It is often said that getting to the top is easy while remaining there is the hard part. Nowhere saying manifested better than in the business world. We have seen companies valued at billions of dollars fall into liquidation within only a few years. While such incidences have been difficult to witness, they have also enabled us to develop a greater appreciation for the businesses that have consistently remained at the top. One such business is Brazilian bank, Bradesco. For the past seven decades, the bank has formed part of the crème in the Brazilian banking industry. Looking forward, the bank’s continued stay at the top is almost guaranteed, thanks to the strategic management of current president, Luiz Carlos Trabuco. Having been with the bank for close to five decades now, his loyalty and consistent performance have not escaped the attention of many in the country.
Luiz Carlos Trabuco and Bradesco have always shared a bond that goes beyond the employer-employee relationship. The bank was launched by its founder, Amador Aguiar in 1943 in the small city of Marilia. Eight years later, in 1951, Luiz Carlos Trabuco was born in the same city. The year of his birth coincidentally turned out to be the same year Bradesco became the largest private bank in the country – much later, Luiz Carlos Trabuco would become the bank’s president in the same year it lost this number one spot. The paths of the two then crossed in 1969, when an 18-year old Luiz Carlos Trabuco was employed as a clerk at Bradesco’s branch in the city where they shared their origins, Marilia.
However, contrary to what has constantly been reported, the primary motivation for acquiring HSBC was not to chase down Itau Unibanco. Rather, Luiz Carlos Trabuco signed off on it because it made great financial sense to Bradesco. While reclaiming the number one spot would bring great pride to Bradesco, a bank has to look after the interest of its stakeholders first. The acquisition greatly accelerated the bank’s growth. Among the gains, it made from the deal was the addition of approximately one million high-value clients (individuals receiving in excess of R$10,000 a month) to its books.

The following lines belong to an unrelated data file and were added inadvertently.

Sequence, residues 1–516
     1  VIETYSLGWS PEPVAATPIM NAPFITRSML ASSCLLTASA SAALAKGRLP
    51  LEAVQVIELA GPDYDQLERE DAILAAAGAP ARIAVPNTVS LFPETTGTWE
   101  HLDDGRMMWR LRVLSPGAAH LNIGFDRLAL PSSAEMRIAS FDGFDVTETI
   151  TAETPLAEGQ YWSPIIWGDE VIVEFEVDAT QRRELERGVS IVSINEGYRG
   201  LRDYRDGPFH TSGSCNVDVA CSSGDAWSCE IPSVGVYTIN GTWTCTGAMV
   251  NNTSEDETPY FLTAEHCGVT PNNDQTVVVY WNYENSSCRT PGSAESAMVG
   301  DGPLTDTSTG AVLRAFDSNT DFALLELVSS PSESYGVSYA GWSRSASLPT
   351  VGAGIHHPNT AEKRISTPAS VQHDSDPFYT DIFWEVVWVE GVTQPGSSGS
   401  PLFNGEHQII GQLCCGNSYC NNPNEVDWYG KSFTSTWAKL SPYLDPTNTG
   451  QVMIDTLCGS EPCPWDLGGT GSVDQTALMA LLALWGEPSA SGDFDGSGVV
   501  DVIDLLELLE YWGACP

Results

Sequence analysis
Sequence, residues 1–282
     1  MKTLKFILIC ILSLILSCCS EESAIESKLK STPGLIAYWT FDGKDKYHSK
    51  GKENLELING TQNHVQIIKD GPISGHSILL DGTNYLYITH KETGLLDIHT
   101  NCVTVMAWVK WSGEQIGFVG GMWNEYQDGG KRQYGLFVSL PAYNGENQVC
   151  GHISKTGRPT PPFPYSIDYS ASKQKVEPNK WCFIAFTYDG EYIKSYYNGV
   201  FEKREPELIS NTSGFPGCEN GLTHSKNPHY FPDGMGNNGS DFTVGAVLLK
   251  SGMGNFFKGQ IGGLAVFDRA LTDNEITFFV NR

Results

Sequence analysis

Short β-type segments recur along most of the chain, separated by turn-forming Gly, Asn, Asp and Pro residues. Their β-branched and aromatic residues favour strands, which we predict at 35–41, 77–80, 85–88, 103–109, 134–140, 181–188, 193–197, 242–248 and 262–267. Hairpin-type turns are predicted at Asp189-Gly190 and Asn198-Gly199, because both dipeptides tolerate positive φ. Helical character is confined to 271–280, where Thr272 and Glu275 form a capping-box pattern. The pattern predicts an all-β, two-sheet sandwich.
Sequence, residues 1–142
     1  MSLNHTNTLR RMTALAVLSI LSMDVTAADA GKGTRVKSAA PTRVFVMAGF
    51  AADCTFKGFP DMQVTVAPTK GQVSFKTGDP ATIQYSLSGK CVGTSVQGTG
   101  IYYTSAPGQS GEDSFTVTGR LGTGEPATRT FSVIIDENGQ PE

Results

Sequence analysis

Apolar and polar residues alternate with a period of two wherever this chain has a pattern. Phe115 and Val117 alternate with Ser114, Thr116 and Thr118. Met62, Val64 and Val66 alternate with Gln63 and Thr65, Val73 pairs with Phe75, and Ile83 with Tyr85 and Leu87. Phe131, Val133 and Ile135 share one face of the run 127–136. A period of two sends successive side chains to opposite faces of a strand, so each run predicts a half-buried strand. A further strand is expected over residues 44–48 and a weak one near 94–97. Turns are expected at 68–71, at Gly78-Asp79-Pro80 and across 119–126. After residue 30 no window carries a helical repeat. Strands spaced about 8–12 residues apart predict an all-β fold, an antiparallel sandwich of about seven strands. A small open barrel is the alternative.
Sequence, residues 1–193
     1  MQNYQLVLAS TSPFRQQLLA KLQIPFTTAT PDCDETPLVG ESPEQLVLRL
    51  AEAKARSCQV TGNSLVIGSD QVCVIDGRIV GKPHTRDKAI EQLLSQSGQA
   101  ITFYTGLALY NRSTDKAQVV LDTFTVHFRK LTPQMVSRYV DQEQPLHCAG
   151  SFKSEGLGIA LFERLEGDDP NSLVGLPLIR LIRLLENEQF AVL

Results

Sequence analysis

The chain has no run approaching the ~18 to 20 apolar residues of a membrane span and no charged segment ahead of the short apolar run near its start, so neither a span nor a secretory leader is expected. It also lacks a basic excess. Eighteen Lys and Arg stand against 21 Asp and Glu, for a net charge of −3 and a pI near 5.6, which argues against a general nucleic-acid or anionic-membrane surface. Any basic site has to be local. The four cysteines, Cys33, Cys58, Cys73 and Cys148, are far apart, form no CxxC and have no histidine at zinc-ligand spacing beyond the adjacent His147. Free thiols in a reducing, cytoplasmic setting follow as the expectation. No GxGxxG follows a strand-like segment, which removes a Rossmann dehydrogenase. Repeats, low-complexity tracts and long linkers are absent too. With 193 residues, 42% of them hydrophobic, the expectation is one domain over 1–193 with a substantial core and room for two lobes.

The purchase of HSBC by Bradesco also revealed a high degree resoluteness in the bank’s culture that Luiz Carlos Trabuco has helped to maintain. Ironically, a decade prior, it was HSBC Brazil that was considering acquiring Bradesco. However, unlike its foreign competitor, Bradesco had greater belief in the Brazilian financial sector despite a few tumulus years and consequently managed to come out on top. With Luiz Carlos Trabuco being in charge of the bank during the 2008/2009 global financial crisis and the 2015/2016 economic recession in the country, most of the plaudits for Bradesco pulling through these testing periods unscathed and turning the tables on HSBC has to go to him.https://g1.globo.com/economia/negocios/noticia/sucessao-no-conselho-do-bradesco-foi-um-ato-planejado-diz-trabuco.ghtml
Traditionally, Bradesco has been known for looking after its own. After the HSBC acquisition, Luiz Carlos Trabuco ensured the continuity of this tradition by retaining most of the employees previously working for HSBC. In the past, the practice of retaining employees of the banks it purchases has paid significant dividends for Bradesco. For example, Bradesco’s third president and Luiz Carlos Trabuco’s predecessor, Marcio Cypriano joined the bank in 1973 after it acquired Banco da Bahia. In the medium to long-term, retaining these employees will be greatly beneficial to the bank as it will bring in fresh ideas and also foster competition. As per Luiz Carlos Trabuco himself, “it is an intangible gain of the purchase.”